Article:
New department chair sees a bright future for film

Oliver-Kurtin / Kai

Professor Louis Buttino, a documentary filmmaker, has been named the new film studies department chair at UNCW.

“I’m delighted to be the new chair,” he said. “I have a great faculty and tremendous opportunities ahead of me to get our department some regional prominence.”

Dave Monahan, the film studies department assistant chair, said, “Everyone is very pleased to have Lou Buttino as our new chair. Our original plan was to have┬áhim serve as an interim chair for one year before holding elections, or possibly even conducting a nationwide search for the position. But Lou so impressed the faculty with his vision, his collegial spirit, and his leadership, that we ended up voting unanimously to have Lou serve as our official department chair. Lou hit the ground running and is working hard to build on the foundation built by former chair, Todd Berliner.”

In the future, Buttino looks forward to a larger faculty in the film studies department, more equipment, more screening areas and the entrance and winning of student screen writing and film competitions. “Being a student in the film studies program is a unique experience. You study the history and aesthetics of film, and get production experience as well,” Buttino said.

“I very much appreciate the colleagues I have here,” he said. “They have a lot of joy, along with the students in all departments. Students have one name and that name is hope; that’s how I approach teaching.”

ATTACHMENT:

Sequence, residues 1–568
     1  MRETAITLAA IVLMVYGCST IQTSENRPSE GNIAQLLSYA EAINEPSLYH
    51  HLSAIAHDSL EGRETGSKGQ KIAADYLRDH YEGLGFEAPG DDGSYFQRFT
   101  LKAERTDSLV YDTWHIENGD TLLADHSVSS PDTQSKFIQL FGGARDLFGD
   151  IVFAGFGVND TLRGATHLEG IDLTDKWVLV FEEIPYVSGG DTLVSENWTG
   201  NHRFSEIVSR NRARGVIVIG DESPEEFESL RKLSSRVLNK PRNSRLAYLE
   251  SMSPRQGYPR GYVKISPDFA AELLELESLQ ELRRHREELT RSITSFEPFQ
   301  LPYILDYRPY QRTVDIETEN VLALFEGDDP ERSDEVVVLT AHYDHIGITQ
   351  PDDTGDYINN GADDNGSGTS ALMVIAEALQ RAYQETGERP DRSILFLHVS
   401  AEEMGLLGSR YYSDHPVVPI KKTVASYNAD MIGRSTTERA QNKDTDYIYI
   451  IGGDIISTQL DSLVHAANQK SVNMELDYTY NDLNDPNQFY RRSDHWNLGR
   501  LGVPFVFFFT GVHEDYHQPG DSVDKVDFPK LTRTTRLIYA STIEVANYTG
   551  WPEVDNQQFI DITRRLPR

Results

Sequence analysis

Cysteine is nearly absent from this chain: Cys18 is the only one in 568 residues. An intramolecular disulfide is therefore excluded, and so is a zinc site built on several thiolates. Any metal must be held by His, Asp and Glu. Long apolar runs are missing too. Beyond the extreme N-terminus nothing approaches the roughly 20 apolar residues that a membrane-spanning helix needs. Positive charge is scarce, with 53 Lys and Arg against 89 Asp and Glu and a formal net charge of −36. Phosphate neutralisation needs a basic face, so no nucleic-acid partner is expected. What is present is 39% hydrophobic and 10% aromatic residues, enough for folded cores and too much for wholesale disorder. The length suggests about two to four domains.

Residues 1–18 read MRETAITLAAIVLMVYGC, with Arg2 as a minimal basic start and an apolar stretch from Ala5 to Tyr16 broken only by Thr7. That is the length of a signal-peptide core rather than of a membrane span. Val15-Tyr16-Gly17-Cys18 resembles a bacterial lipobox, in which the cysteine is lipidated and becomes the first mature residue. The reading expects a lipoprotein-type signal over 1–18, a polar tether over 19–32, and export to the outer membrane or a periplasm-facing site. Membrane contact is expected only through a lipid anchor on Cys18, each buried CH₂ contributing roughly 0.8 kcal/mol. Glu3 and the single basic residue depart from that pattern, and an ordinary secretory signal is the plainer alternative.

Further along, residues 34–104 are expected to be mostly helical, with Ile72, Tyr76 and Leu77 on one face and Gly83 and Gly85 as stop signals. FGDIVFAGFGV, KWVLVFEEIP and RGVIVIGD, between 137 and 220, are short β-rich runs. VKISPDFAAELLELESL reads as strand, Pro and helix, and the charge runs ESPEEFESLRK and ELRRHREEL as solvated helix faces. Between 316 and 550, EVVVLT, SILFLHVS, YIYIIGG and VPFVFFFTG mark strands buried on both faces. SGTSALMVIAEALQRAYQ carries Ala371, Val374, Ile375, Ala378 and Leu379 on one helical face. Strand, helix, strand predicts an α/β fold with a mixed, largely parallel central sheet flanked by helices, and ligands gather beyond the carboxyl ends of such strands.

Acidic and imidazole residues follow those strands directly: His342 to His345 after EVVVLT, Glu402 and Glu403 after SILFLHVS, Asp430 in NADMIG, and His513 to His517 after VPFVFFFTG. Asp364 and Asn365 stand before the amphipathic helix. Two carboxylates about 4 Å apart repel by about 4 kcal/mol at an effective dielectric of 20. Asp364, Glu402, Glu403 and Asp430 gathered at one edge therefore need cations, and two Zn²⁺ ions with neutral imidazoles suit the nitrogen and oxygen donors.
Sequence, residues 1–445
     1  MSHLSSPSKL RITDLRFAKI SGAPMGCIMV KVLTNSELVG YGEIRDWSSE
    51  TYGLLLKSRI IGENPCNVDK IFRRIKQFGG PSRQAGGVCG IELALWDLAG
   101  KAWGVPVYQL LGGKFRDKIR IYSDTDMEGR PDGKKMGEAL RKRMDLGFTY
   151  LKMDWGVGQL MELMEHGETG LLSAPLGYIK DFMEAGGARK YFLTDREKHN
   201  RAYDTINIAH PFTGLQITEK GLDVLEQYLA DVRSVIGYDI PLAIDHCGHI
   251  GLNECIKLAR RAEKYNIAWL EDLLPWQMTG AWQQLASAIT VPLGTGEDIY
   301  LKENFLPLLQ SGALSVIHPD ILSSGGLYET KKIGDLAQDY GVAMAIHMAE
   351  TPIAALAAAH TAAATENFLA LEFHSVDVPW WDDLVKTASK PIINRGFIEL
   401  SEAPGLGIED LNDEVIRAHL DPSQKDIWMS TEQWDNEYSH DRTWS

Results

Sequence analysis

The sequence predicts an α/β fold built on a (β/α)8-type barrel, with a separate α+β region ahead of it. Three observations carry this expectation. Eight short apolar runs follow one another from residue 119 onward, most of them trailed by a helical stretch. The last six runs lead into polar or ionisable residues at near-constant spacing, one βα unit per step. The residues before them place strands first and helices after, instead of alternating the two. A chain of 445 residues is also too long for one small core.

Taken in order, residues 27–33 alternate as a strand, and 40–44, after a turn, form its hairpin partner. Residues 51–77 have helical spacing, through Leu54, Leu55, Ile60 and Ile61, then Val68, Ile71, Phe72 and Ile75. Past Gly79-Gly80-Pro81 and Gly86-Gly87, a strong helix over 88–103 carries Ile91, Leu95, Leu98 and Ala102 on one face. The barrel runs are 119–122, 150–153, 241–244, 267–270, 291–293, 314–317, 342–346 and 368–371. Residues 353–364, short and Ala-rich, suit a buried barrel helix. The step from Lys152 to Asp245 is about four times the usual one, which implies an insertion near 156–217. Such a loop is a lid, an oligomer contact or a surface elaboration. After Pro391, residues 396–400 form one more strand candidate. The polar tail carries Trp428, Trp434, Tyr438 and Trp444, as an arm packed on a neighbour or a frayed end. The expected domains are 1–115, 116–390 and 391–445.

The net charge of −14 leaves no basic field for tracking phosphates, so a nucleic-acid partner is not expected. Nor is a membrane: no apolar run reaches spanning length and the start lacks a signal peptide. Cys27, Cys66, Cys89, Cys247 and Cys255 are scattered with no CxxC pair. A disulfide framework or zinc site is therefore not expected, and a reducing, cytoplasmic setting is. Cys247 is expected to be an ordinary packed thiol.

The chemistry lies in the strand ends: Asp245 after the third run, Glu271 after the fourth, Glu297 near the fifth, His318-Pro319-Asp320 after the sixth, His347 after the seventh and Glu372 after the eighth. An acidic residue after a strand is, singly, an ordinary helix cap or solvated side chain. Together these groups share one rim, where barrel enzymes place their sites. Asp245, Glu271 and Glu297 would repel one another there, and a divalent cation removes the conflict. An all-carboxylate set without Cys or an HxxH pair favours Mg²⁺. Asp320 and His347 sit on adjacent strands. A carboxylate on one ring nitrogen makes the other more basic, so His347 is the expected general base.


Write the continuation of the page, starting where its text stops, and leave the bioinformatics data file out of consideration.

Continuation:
One of Buttino’s former students, Jessie Baker said, “I can see no one else better for the position of department chair with his level of experience and strong commitment to the art of film. As a teacher, he is extremely passionate and draws students in, helping them in any way he can.”

Buttino has been a documentary filmmaker for 24 years. He would like to help make Wilmington become more of a film community. His newest documentary, “Broken Brotherhood: Vietnam & the Boys from Colgate” will have its North Carolina premiere on Nov. 11 in Kenan Auditorium at 7:00 p.m. in honor of Veteran’s Day. This will be a free screening that is open to the public.

“The idea of making this documentary came to me when I realized I had never made peace with that era,” Buttino said., “I felt very wounded to see what happened to my friends, even my best friend/roommate from college. Part of the reason I wanted to make this film was so that I could travel across country and talk to him 35 years later and see if we could salvage our friendship. It’s a very powerful and emotional film that resonates to today.”

Buttino has been a teacher for 31 years. He came to UNCW 11 years ago from St. John Fisher College in Rochester, NY.

Buttino started out at UNCW as a professor in the communication studies department, and then gradually made his way to the film studies department as the program started to expand, creating a greater demand for instructors.

Buttino received a bachelor’s degree from Colgate University and a master’s degree from the University of Miami and Colgate Rochester Divinity School. He holds a doctorate from the Maxwell School of Citizenship and Public Affairs at Syracuse University.